Forest ants remain virtually invisible to the casual observer, but that doesn’t mean their actions on the ground go unnoticed. They manifest themselves in a dazzling array of wildflowers in the spring with trillium, wild ginger, violets and leeches all testament to their tireless work.
some species of Aphaenogasteras these ants are known scientifically, they play a vital role in plant diversity in forests, according to a recently published research. They do this in part by dispersing the seeds far and wide.
“Not many people have heard of them, but they are the seed engine in motion and are called ‘key dispersers’“, says Carmela Buono, doctoral student in biological sciences at the University of Binghamton, in the United States, who led the research.
Forest flowers and ants, a mutual relationship
Many understory plant species, such as flowers, rely on a mutual relationship with ants to disperse their seeds, and northeastern North America is a hotspot for this form of ant-plant mutualism, Buono and colleagues found.
“These plants evolved with seeds that have a fatty appendage attached to them that is very attractive to forest ants.”, says the scientist. “Ants need fat as well as protein and sugar, and foods high in fat are hard to find in the forest.”.
Living on logs, in leaf litter and under rocks, forest ants scour the surroundings for these fatty seeds, which they transport back to their nests, where they protect them from rodents and other animals.
“Once the fatty appendages have been consumed, the ants, in a kind of insect cleaning, remove the seeds from the nest, dispersing them away from the original plant.”, explain the scientists.
It is a mutually beneficial arrangement for both the plants and the ants.
“There are so many interesting and intricate parts of this interaction that depend on what types of seeds the ants prefer, which is why you can get this beautiful mix of flower species in the forests.says Bono.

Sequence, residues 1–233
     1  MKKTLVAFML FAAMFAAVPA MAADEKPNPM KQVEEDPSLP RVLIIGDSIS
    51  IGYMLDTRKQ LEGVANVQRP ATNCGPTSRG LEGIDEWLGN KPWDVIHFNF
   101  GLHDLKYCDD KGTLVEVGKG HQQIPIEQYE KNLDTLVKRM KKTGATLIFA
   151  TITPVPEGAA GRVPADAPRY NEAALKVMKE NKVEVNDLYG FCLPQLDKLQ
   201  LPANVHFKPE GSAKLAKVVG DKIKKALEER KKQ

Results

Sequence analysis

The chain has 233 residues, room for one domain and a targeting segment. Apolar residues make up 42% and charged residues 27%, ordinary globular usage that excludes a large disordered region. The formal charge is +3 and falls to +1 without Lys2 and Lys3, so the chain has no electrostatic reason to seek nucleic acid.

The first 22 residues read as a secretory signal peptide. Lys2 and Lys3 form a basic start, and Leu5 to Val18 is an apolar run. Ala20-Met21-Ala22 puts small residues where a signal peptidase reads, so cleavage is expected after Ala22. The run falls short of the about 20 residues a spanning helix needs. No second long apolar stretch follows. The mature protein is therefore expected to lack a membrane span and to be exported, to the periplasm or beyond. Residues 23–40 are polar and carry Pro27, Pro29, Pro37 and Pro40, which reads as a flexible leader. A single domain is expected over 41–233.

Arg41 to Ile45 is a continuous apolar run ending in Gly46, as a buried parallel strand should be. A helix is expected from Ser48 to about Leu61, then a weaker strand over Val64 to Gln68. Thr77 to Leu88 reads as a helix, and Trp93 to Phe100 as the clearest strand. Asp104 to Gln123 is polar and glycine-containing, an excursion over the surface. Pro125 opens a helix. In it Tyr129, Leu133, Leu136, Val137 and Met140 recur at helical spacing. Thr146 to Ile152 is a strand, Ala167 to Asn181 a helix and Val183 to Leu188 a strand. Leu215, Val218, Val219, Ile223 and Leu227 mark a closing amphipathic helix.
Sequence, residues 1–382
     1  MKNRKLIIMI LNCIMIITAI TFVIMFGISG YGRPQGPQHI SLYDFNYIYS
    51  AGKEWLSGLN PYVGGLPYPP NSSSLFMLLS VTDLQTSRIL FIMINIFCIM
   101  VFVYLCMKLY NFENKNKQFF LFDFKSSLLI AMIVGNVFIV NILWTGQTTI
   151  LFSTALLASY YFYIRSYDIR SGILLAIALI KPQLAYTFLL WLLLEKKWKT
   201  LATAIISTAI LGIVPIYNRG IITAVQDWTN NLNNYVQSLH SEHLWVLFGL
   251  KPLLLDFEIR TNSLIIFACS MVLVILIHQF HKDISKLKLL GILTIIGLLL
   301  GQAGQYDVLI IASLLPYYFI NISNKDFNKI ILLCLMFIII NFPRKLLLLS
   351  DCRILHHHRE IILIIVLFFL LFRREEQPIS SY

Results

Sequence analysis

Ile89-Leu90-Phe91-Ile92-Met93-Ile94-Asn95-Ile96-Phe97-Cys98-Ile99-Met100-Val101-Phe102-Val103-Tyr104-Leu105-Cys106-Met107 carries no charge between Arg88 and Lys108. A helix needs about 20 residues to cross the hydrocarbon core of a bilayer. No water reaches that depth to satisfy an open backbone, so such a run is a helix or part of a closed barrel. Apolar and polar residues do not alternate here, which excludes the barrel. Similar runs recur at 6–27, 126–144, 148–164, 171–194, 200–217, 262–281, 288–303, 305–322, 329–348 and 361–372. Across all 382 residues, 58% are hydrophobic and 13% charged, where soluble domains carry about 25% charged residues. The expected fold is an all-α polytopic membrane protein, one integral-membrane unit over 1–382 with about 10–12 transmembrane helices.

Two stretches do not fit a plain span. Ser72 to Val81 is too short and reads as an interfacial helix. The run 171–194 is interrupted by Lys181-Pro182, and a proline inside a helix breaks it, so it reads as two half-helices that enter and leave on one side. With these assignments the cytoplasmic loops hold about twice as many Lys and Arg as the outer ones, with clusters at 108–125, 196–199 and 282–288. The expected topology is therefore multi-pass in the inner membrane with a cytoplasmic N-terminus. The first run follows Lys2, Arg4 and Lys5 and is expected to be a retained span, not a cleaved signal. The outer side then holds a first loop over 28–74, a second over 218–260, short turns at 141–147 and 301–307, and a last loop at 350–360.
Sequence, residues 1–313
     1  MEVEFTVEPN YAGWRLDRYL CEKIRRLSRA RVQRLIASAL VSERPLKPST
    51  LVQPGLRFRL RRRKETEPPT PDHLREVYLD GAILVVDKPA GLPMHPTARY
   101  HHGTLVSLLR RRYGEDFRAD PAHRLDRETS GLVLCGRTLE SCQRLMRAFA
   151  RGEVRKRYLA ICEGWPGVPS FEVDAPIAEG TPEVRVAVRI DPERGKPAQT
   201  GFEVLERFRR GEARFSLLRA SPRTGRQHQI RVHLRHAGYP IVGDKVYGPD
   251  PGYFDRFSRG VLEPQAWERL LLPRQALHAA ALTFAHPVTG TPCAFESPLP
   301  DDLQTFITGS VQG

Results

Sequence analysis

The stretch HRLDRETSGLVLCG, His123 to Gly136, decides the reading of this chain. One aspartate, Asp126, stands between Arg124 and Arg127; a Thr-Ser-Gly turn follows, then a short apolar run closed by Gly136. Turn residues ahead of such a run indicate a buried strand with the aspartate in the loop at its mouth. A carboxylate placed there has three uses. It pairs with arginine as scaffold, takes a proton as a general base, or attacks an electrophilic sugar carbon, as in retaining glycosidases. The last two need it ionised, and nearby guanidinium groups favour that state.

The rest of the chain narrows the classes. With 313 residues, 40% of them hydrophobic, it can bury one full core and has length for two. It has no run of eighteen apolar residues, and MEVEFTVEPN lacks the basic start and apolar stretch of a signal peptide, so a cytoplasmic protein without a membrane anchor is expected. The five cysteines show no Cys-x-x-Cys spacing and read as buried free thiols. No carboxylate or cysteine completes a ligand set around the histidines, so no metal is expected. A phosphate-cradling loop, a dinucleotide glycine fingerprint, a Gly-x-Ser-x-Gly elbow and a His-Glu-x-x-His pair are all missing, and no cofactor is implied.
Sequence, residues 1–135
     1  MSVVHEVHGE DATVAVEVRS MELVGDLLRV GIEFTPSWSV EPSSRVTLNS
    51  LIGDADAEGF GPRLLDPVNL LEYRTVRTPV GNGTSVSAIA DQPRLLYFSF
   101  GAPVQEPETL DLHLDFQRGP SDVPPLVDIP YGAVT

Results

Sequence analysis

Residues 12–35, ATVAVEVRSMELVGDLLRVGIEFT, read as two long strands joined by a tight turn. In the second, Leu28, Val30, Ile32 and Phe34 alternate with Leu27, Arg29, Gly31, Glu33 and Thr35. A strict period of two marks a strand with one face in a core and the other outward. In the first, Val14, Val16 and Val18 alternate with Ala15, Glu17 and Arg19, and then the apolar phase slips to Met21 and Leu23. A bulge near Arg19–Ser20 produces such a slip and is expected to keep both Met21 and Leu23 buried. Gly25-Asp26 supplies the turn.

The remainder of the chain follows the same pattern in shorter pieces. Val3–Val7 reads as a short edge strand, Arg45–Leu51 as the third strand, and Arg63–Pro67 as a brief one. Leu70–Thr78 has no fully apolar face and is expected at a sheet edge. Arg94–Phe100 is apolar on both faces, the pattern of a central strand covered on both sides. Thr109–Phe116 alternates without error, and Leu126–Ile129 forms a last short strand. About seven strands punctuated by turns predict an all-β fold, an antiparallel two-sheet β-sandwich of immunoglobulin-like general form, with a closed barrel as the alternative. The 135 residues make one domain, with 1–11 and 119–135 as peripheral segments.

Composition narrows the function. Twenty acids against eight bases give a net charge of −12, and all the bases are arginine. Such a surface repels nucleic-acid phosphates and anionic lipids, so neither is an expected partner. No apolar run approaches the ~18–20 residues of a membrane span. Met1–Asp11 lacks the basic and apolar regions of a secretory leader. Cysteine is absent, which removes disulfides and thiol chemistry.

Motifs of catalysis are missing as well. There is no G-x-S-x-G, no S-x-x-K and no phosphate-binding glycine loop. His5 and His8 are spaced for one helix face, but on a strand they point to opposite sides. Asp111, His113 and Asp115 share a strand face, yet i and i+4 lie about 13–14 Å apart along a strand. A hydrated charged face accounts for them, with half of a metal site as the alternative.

Greater presence of ants in primary forests
This relationship is especially pronounced in primary forests with greater species diversity, which secondary forests created on former agricultural land often lack due to their different topography. The soil in these newer forests tends to be full of holes left by uprooted tree roots and mounds created by the removal of roots and soil.
“Species within the two forest types are also different, with fast colonizers moving into younger forests. An established forest generally has a greater number of shade-tolerant plants in the understory.”, say the scientists behind the research.
competition with slugs
Colonizers of regenerated forests include invasive slugs with which forest ants must compete for fatty seed appendages. These slugs usually live near the edges of forests, near open meadows and farmland.
“There are slightly fewer forest ants in secondary forests, perhaps due to their displacement during years of agricultural use. Differences in forest canopy and the amount of light reaching the forest floor could also play a role, but this remains to be explored.”, say scientists.
Information like this is crucial to effective conservation efforts, which is why we shouldn’t ignore the role of insects like ants in biodiversity.
“ants are beneficial”, emphasizes Buono. “They are not as charismatic as the butterflies or the bees that help pollinate the flowers, but they are just as important.”.